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Thursday, June 24, 2010

Deepwater Horizon Oil Spill: Selected Issues for Congress

Curry L. Hagerty, Coordinator
Specialist in Energy and Natural Resources Policy

Jonathan L. Ramseur, Coordinator
Specialist in Environmental Policy

On April 20, 2010, an explosion and fire occurred on the Deepwater Horizon drilling rig in the Gulf of Mexico. This resulted in 11 worker fatalities, a massive oil release, and a national response effort in the Gulf of Mexico region by the federal and state governments as well as BP. Based on estimates from the Flow Rate Technical Group, which is led by the U.S. Geological Survey, the 2010 Gulf spill has become the largest oil spill in U.S. waters, eclipsing the 1989 Exxon Valdez spill several times over. The oil spill has damaged natural resources and has had regional economic impacts. In addition, questions have been raised as to whether the regulations and regulators of offshore oil exploration have kept pace with the increasingly complex technologies needed to explore and develop deeper waters.

Crude oil has been washing into marshes and estuaries and onto beaches in Louisiana, Mississippi, and Alabama. Oil has killed wildlife, and efforts are underway to save oil-coated birds. The most immediate economic impact of the oil spill has been on the Gulf fishing industry: commercial and recreational fishing have faced extensive prohibitions within the federal waters of the Gulf exclusive economic zone. The fishing industry, including seafood processing and related wholesale and retail businesses, supports over 200,000 jobs with related economic activity of $5.5 billion. Other immediate economic impacts include a decline in tourism. On the other hand, jobs related to cleanup activities could mitigate some of the losses in the fishing and tourism industry.

The Minerals Management Service (MMS) and the U.S. Coast Guard are the primary regulators of drilling activity. The Environmental Protection Agency (EPA) has multiple responsibilities, with a representative serving as the vice-chair of the National Response Team and Regional Response Teams. The Federal Emergency Management Administration (FEMA) has responsibilities with respect to the economic impacts of the spill; its role so far has been primarily that of an observer, but that may change once the scope of impacts can be better understood.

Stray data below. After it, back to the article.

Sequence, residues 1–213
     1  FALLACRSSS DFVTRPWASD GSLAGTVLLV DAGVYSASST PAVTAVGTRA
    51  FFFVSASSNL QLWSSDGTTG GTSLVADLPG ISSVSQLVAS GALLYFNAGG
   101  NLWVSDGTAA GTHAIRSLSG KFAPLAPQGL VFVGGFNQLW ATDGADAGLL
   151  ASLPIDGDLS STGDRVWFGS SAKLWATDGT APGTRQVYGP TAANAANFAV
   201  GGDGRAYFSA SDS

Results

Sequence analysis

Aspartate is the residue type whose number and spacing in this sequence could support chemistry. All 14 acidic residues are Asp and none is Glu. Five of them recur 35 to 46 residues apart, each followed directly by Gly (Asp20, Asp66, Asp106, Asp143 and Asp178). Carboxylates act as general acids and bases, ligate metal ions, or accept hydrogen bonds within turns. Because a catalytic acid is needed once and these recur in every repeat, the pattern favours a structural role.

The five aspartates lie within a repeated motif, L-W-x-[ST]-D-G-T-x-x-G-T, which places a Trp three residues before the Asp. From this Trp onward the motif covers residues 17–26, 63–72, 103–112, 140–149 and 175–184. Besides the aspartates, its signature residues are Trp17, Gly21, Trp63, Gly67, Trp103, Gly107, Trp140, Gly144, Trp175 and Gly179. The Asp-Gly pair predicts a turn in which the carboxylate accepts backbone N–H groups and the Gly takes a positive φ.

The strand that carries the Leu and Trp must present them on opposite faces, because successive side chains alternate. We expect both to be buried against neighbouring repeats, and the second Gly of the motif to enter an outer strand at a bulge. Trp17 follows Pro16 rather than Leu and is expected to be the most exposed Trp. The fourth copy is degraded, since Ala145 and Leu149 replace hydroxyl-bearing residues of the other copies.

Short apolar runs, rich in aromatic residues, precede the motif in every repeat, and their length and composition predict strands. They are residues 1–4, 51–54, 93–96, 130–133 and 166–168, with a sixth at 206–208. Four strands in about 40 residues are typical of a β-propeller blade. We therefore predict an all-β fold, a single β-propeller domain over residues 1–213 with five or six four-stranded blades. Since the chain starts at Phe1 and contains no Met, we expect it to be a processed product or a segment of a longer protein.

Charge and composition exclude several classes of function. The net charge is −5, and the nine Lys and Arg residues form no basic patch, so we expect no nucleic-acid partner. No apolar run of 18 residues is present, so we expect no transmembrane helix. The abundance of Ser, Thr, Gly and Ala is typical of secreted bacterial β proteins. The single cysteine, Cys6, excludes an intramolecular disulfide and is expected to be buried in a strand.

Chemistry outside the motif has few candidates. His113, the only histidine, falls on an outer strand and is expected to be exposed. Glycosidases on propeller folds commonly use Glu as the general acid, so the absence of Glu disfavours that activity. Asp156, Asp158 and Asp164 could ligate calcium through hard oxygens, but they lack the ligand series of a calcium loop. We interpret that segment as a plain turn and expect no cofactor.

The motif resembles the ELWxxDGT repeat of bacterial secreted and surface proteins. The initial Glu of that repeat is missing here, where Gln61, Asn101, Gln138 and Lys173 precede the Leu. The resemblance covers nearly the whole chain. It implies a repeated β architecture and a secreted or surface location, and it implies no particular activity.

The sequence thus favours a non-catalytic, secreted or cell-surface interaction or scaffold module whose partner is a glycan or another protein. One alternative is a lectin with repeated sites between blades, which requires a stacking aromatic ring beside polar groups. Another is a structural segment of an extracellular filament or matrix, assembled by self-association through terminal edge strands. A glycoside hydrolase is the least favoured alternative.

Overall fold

MMS is also the lead regulatory authority for offshore oil and gas leasing, including collection of royalty payments. MMS regulations generally require that a company with leasing obligations demonstrate that proposed oil and gas activity conforms to federal laws and regulations, is safe, prevents waste, does not unreasonably interfere with other uses of the OCS, and does not cause impermissible harm or damage to the human, marine, or coastal environments. On May 13, 2010, the Department of the Interior announced that Secretary Ken Salazar had initiated the process of reorganizing the MMS administratively to separate the financial and regulatory missions of the agency. The Coast Guard generally overseas the safety of systems at the platform level of a mobile offshore drilling unit.

Several issues for Congress have emerged as a result of the Deepwater Horizon incident. What lessons should be drawn from the incident? What technological and regulatory changes may be needed to meet risks peculiar to drilling in deeper water? How should Congress distribute costs associated with a catastrophic oil spill? What interventions may be necessary to ensure recovery of Gulf resources and amenities? What does the Deepwater Horizon incident imply for national energy policy, and the trade-offs between energy needs, risks of deepwater drilling, and protection of natural resources and amenities?

This report provides an overview of selected issues related to the Deepwater Horizon incident and is not intended to be comprehensive. It will be updated to reflect emerging issues.

Date of Report: June 18, 2010
Number of Pages: 44
Order Number: R41262
Price: $29.95

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